Joe Barbarits has been named chairman of the newly formed seven-member Marilla Citizen Committee to deal with the Quasar sludge issue.
The group eventually plans to make a trip to the proposed tank site on a farm owned by Stanley Travis on Eastwood Road.
Travis’ proposal came to light in late summer with a legal notice regarding a possible agreement with Quasar Group to store effluent on his property in a million-gallon cement tank. At that time, residents bombarded the Town Board with questions and raised fears that the effluent or sludge could affect wetlands, fields, woods or streams.
Meetings were held and hundreds attended, loudly objecting to the storage of the sludge.
Subsequently, the board enacted a moratorium against storing sludge until the matter could be researched, which this committee is supposed to accomplish.
The state Department of Conservation has the power to issue such permits, but it has not notified the town of any decision.
The supervisor has the right to form the Citizens Committee without a vote from the Town Board, but Marilla Councilman Warren Handley said he was not happy with the make-up of the new committee because it is composed of only those who are opposed to the sludge. He would prefer a committee that has mixed opinions.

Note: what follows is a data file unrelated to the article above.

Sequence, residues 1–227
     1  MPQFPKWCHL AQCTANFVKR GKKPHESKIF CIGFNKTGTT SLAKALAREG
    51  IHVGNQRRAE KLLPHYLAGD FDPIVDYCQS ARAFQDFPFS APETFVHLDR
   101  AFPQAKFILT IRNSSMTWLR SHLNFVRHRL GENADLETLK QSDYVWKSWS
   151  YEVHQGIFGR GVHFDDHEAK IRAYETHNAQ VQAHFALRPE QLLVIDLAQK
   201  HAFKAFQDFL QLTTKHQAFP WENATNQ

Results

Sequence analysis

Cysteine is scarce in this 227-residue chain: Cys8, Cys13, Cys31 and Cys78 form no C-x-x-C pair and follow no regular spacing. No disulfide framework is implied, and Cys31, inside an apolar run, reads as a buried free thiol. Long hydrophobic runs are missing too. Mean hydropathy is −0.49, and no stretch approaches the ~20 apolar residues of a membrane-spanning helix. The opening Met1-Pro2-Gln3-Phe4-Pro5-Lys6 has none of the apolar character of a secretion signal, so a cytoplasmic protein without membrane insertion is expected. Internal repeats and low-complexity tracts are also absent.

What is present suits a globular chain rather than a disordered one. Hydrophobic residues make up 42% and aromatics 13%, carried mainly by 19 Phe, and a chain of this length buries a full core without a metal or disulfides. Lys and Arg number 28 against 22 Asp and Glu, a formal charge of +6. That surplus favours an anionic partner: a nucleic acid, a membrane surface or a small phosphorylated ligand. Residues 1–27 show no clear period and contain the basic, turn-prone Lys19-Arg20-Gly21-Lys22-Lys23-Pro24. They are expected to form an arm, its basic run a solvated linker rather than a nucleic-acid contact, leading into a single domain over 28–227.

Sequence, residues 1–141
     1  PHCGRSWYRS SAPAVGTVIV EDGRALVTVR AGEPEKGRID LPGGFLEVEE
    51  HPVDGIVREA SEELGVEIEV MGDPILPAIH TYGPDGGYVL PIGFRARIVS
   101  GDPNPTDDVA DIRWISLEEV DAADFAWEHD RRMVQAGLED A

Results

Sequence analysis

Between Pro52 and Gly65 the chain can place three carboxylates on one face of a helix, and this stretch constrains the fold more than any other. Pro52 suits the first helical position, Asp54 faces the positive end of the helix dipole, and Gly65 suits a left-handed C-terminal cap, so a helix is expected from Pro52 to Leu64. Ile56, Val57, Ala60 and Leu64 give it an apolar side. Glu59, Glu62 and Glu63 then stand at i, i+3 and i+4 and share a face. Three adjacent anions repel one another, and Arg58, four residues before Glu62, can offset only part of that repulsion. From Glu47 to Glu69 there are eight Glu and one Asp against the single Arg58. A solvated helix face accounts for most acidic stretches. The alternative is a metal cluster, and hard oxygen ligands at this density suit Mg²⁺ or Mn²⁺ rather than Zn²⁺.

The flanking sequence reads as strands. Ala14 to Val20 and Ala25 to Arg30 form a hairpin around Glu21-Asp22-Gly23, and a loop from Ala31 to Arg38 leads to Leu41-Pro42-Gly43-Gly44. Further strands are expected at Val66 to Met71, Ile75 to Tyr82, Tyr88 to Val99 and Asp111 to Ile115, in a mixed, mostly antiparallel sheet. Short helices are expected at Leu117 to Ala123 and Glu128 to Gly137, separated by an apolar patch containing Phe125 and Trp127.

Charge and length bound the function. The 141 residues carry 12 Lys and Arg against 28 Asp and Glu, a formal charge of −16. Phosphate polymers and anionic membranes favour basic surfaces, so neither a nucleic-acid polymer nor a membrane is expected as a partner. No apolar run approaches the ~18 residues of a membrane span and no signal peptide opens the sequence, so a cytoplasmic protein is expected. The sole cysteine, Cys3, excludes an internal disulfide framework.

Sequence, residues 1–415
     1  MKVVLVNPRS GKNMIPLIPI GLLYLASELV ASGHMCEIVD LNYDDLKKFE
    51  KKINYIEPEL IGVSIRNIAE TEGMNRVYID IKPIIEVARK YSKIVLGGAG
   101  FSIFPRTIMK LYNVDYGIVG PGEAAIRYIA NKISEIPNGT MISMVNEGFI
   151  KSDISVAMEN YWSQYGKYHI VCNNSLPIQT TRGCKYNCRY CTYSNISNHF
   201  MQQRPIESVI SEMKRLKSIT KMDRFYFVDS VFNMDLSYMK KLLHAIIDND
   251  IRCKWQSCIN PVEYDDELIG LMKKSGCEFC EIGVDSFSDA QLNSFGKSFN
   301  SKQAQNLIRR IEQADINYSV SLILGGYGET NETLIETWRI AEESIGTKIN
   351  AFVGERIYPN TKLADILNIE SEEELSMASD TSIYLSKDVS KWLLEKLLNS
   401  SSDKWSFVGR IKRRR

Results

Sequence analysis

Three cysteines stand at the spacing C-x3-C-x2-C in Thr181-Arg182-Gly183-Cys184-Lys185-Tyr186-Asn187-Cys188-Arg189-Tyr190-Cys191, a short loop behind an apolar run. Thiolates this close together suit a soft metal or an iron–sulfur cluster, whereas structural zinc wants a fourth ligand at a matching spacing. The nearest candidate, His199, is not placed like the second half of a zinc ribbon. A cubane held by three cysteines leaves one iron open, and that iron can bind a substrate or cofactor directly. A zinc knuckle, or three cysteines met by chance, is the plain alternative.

However, during the meetings at which citizens could voice their opinions, not one spoke in favor of the sludge storage.
The committee has received copies of information on the oversight of hazardous wastes, such as the DEC and Erie County Department of Health Environmental Protection Agency standards regarding hazardous wastes and the New York State Department of Transportation role in the transportation of these wastes.
Goals, direction and information for the committee were outlined by Town Supervisor Earl Gingerich Jr. to include a tour with Quasar Energy personnel of their digester facility in West Seneca, scheduled for 9 a.m. Saturday.